A federal magistrate in Washington D.C. Wednesday ordered Mariia Butina held in detention until her trial on charges of failing to register as an agent of Russia and conspiring against the United States.
Butina also pleaded not guilty during the preliminary hearing. She was indicted by a federal grand jury in the nation’s capital Tuesday following her arrest there Sunday.
Federal prosecutors argued that Butina was an “extreme flight risk” who should not be allowed to go free pending trial. The government, represented by Erik Kerenson, argued in front of U.S. Magistrate Judge Deborah Robinson that if Butina went to a Russian embassy or was picked by a diplomatic car, there would be nothing law enforcement could do about it, and Russia also could legally provide her with a passport that would allow her to leaved the country.
Butina, represented by Robert Driscoll, was seeking to be released on bail, and contended that she had already been cooperating with various inquiries prior to her arrest.
After the hearing, Driscoll told reporters that he respected but disagreed with the court’s order.
“She’s been aware of a criminal investigation into her conduct for months and made no attempt to flee, nor has the government, which has had her under surveillance for the entire time, alleged that she has,” he said. “We remain confident that she will prevail in this case”
Driscoll told the court that she had been contacted by the Senate Intelligence Committee in the fall of 2017 and testified before the committee for eight hours in April behind closed doors. She also provided the committee with some 8,000 pages of documents, Driscoll said.
Driscoll also revealed that that in March 2018 the Federal Election Commission inquired with her about certain contributions.
FBI agents searched Butina’s residence on April 25, Driscoll said, adding that she and her attorneys were present for the search.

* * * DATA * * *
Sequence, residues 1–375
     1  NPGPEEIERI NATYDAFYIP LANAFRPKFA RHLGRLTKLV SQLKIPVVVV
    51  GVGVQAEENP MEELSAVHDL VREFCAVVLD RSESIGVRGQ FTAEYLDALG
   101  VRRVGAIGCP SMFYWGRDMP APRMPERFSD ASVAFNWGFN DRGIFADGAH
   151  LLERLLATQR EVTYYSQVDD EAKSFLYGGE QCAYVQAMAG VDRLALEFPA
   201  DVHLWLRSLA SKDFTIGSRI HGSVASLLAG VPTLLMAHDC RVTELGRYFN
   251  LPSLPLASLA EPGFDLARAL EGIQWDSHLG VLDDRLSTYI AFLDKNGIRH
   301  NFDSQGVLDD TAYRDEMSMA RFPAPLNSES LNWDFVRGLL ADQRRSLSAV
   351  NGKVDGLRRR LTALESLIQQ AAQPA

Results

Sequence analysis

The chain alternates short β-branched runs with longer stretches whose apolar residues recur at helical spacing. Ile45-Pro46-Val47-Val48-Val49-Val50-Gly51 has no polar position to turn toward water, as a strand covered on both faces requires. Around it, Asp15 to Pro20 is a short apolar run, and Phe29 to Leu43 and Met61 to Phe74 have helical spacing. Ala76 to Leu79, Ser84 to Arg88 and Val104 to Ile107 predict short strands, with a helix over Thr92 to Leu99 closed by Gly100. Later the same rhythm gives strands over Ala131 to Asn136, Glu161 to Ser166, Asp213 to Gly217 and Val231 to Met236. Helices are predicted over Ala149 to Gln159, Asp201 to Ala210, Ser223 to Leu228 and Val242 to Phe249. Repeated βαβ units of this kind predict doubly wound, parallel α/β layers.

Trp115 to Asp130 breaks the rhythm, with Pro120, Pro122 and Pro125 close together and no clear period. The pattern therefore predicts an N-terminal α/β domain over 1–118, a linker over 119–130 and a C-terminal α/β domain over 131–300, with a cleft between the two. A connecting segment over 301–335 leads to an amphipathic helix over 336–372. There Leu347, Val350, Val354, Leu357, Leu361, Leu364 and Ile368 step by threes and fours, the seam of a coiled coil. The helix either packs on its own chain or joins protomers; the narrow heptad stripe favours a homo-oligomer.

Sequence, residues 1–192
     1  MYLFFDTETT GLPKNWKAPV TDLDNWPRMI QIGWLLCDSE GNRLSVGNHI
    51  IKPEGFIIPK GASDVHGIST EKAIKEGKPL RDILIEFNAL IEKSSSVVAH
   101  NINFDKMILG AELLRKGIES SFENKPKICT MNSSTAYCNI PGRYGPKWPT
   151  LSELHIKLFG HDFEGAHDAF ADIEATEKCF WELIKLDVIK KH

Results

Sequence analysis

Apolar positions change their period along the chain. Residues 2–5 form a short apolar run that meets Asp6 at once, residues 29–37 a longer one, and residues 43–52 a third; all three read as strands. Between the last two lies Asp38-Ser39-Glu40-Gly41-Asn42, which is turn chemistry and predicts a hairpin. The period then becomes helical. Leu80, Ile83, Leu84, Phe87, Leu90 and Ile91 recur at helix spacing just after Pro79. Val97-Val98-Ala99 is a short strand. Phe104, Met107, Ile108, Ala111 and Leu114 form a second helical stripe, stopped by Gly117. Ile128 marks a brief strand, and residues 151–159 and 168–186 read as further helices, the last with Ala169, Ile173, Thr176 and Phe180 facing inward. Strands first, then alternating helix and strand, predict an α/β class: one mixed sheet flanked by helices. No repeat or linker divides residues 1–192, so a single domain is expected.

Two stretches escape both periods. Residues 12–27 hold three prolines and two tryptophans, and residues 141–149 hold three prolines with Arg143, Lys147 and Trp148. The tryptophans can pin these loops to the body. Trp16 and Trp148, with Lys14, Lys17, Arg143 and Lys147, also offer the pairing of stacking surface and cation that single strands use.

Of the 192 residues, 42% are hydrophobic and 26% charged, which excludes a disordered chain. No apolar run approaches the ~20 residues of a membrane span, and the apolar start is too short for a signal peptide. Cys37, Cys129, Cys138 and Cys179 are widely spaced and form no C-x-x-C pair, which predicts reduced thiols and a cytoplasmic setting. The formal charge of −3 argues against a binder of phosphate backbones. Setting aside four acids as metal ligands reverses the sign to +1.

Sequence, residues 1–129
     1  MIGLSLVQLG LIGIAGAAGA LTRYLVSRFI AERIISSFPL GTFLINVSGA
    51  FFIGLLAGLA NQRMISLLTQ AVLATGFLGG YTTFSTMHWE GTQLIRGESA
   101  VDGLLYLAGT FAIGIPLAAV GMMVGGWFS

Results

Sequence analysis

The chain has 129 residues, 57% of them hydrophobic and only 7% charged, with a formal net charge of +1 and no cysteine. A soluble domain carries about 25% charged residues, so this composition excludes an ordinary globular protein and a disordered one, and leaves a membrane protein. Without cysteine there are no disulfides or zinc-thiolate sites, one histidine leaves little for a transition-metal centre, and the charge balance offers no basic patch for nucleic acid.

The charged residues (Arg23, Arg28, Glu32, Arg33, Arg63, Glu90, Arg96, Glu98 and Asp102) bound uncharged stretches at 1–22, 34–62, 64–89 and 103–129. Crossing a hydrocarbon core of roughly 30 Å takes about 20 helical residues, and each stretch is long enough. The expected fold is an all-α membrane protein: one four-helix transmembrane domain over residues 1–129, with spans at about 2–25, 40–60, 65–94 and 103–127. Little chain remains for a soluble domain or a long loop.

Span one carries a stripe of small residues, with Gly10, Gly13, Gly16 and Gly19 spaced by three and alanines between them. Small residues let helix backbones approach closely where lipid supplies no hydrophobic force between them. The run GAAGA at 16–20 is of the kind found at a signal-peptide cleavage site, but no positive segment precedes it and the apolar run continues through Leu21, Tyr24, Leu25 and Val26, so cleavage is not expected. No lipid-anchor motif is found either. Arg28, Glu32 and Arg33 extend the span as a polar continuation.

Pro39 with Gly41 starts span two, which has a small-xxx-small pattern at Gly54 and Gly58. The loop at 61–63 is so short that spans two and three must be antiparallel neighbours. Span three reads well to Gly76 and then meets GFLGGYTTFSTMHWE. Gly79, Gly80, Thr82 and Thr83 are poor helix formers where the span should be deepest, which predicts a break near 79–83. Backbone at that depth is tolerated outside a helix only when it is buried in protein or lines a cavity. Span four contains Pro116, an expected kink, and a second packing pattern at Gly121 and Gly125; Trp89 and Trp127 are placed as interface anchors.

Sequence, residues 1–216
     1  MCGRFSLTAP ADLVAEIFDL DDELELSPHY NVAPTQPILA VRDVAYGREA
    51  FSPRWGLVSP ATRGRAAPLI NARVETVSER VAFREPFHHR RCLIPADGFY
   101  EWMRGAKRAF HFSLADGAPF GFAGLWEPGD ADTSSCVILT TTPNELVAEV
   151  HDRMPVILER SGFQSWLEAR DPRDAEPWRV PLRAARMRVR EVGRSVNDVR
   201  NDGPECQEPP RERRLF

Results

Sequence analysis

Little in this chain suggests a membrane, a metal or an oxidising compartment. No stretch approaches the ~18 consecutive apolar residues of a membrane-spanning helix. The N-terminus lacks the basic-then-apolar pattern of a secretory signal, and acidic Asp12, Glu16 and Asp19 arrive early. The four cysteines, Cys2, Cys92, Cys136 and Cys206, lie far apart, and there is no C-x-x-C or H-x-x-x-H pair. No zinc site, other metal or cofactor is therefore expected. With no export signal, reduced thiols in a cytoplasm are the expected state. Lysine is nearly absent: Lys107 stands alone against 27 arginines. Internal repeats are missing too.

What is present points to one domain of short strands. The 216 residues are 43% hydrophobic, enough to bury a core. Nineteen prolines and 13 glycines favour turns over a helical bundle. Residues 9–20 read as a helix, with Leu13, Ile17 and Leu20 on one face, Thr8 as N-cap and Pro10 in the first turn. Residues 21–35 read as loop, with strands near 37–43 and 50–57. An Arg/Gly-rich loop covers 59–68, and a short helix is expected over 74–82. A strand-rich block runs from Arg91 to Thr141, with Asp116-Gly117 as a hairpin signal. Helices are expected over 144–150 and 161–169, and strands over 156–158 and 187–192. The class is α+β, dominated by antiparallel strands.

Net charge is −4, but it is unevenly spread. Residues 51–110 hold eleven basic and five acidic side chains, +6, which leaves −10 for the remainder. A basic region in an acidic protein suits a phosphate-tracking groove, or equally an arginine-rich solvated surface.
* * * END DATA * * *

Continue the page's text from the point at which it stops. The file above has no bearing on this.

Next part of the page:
He said that her attorneys then reached out to the U.S. Attorney in South Dakota, which was referenced in the search warrants for her home, to offer them information.
Kerenson countered this claim by arguing that Butina’s offer was to assist in a fraud investigation into an individual referred to in court docs as U.S. person 1. To his knowledge, he said she was never told that she was the subject of the investigation.
U.S person 1 is, based on corroborating details, believed to be Paul Erickson, a South Dakota-based longtime GOP operative. Later in the hearing Driscoll referenced that Butina’s boyfriend lived in South Dakota, and that Butina this summer planned to move with him.
Kerenson’s presentation to the judge went through some of the details in a motion the government filed ahead of the hearing, but he also made new claims about her activities in the U.S. He said it was “absurd” for her attorneys to claim she was simply in the United States as a student.
He recounted an alleged December 2014 text exchange Butina had with whom Kerenson desribed as a wealthy Russian businessman. The businessman told Butina that he wanted her to work in the United States, according to the prosecutor, “not go on a tourist trip.”
He described alleged notes found on a thumb drive obtained at U.S. Person 1’s residence, under a folder titled “Maria Butina” that referenced laying a “groundwork,” according to Kerenson, to influence high-level politicians.
Kerenson presented a photo, referenced in the court docs and exhibited for the courtroom, of Butina with a male individual he described as a suspected Russian intel operative. Driscoll argued that Butina was unaware of the individual’s ties to the FSB, Russia’s security agency, and said that they were simply two Russian nationals sharing a meal.
After Driscoll claimed that there was no evidence that Butina had ever visited the Russian embassy or been in a diplomatic car, Kerenson alleged the existence of a photograph of Butina with former Russian ambassador Sergey Kislyak. Driscoll argued that Kislyak was already the former ambassador when the photograph, at a movie screening at a Russian cultural center, was taken.